The Daily Valet. - 1/31/24, Wednesday
Wednesday, January 31st Edition
By Cory Ohlendorf, Valet. Editor
I do not need another Apple product. I do NOT need another Apple product.
Today’s Big Story
Apple Vision Pro Is Here
The reviews are in for the company’s most buzz-worthy product in decades (and people are really buying it)
It kind of feels like the good ol’ days. When Apple would release a product and everyone was seemingly talking about. And if you saw someone out in public with it, there’d be some envious stares. Not that we’re going to see anyone walking around in the company’s new augmented reality headset. At least, I hope not. But this is clearly the most hyped product Apple has released in a while. And after a lot of chatter, it’s finally hitting stores on Friday.
Of course, it might be difficult to just walk into a store and buy one—even if you do have $3,500 in discretionary tech spending money. A source said to have knowledge of the situation told the Apple-centric news site MacRumors that the initial stock of 200,000 units has already sold-out during the pre-sale. Apparently, the headsets for “launch day home delivery” sold out within hours of pre-orders opening on January 19th, and the rest quickly followed. Though, some headsets may still be available in store … for the early birds.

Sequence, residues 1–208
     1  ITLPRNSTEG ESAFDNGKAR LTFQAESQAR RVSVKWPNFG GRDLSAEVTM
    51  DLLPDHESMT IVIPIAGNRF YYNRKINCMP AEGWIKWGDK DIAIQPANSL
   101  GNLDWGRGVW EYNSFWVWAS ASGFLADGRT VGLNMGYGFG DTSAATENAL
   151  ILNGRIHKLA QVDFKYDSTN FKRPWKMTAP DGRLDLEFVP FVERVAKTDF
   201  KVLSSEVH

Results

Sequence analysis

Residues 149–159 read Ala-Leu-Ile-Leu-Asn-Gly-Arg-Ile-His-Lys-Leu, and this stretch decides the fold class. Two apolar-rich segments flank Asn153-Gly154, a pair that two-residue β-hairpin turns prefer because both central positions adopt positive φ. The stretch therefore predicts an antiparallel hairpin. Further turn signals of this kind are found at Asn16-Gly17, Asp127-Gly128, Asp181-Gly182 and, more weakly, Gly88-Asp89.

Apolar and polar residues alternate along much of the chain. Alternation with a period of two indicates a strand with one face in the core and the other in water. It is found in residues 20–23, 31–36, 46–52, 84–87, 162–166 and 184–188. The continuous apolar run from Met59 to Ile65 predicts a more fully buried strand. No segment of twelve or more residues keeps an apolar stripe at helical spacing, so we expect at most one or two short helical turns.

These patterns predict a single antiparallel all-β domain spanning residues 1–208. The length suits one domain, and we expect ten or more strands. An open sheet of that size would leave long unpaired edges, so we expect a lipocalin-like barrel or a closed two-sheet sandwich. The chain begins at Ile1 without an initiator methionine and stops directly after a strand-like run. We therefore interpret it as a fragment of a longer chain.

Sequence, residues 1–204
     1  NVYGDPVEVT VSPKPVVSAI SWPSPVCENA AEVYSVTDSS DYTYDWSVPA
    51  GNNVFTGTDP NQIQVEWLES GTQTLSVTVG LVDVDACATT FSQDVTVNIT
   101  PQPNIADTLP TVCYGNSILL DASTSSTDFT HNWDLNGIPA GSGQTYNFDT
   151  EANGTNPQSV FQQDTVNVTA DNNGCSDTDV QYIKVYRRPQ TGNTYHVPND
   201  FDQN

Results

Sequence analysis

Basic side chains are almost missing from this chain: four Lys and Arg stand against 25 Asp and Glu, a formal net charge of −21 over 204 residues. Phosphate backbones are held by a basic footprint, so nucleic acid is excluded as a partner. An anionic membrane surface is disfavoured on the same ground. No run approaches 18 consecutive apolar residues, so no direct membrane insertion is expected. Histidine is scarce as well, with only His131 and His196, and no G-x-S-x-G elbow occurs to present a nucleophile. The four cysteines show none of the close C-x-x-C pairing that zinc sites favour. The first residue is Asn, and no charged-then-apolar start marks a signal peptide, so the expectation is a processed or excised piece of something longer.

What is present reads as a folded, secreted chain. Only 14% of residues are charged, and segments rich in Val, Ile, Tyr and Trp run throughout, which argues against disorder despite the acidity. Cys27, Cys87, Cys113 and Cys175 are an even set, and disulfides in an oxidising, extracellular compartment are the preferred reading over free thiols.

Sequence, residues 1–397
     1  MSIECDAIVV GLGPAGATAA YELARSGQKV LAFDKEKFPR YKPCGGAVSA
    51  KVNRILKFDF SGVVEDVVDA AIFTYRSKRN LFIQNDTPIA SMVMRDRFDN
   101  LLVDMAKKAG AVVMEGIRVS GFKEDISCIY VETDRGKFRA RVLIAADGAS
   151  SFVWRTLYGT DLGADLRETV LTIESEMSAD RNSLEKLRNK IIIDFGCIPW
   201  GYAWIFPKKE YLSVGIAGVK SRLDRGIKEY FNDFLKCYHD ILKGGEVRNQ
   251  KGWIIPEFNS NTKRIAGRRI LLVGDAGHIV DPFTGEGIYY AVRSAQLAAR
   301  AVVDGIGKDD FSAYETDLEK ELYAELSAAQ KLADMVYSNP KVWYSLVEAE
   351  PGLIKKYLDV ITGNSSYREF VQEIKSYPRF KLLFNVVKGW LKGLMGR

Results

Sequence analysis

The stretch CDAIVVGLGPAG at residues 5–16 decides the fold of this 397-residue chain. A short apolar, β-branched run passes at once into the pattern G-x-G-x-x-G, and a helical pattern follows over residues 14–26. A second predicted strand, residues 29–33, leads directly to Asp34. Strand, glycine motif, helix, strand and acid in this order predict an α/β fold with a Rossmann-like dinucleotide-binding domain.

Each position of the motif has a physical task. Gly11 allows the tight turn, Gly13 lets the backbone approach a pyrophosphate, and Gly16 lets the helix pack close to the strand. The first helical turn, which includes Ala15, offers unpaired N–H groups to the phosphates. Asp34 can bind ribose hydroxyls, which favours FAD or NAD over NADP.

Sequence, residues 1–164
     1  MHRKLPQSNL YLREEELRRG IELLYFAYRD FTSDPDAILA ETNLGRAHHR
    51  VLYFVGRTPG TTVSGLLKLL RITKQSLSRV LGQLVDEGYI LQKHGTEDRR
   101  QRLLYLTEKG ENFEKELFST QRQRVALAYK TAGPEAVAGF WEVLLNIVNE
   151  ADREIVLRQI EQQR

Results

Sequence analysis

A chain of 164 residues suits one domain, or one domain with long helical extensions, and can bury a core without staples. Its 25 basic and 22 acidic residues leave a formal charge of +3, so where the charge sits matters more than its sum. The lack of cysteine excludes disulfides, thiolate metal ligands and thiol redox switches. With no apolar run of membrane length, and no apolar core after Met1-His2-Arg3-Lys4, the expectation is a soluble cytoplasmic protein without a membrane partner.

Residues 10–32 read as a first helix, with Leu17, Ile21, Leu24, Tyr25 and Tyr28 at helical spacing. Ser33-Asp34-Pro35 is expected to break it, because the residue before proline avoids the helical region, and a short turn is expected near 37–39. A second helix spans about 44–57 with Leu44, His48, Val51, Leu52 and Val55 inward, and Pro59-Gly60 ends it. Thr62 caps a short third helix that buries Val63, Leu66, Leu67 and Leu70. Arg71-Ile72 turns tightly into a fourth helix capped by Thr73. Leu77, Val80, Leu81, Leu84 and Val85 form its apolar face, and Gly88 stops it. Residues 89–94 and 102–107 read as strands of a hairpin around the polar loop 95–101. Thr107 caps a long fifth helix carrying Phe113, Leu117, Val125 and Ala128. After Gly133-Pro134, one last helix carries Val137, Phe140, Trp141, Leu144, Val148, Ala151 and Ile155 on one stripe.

What are reviewers saying? Those who got to spend some quality time with the device could finally break their silence Tuesday. On the whole, most walked away impressed with the Vision Pro’s strong displays, best-in-class passthrough and hand tracking, but many also wonder just how much use they can get out of a very expensive (and at-times too heavy) headset sporting a connected two-hour battery pack.
According to Gizmodo, the most consistent praise was directed to the hardware, at least in terms of how much power it packs and how capable its eye- and hand-tracking sensors are. “So far, most of the people who have tested the Vision Pro have called it one of the most advanced and consumer-ready all-in-one AR headsets released so far, though it’s brought down by a fair lack of apps or practical use cases.” Of course, these are early days, and reviewers from The Verge to CNET were hesitant to criticize too deeply as it’s clear that this is a device (and category) that will continue to evolve and get better with more third-party apps adding to its functionality. The first-gen device was likened to “an unfinished future.”
Many reviewers agree that the Vision Pro is the biggest technological leap in VR ever, with an audio/visual quality that reimagines what can be done in the digital world. The one consistent complaint? All that technology can weigh a device down. It’s 1.4 pounds (excluding the external battery pack), and some found that it caused headaches or neck strain. The Wall Street Journal’s Joanna Stern said she wore it for a full 24 hours (taking it off to sleep, of course). She described it as “big and heavy,” but it didn’t stop her from using it.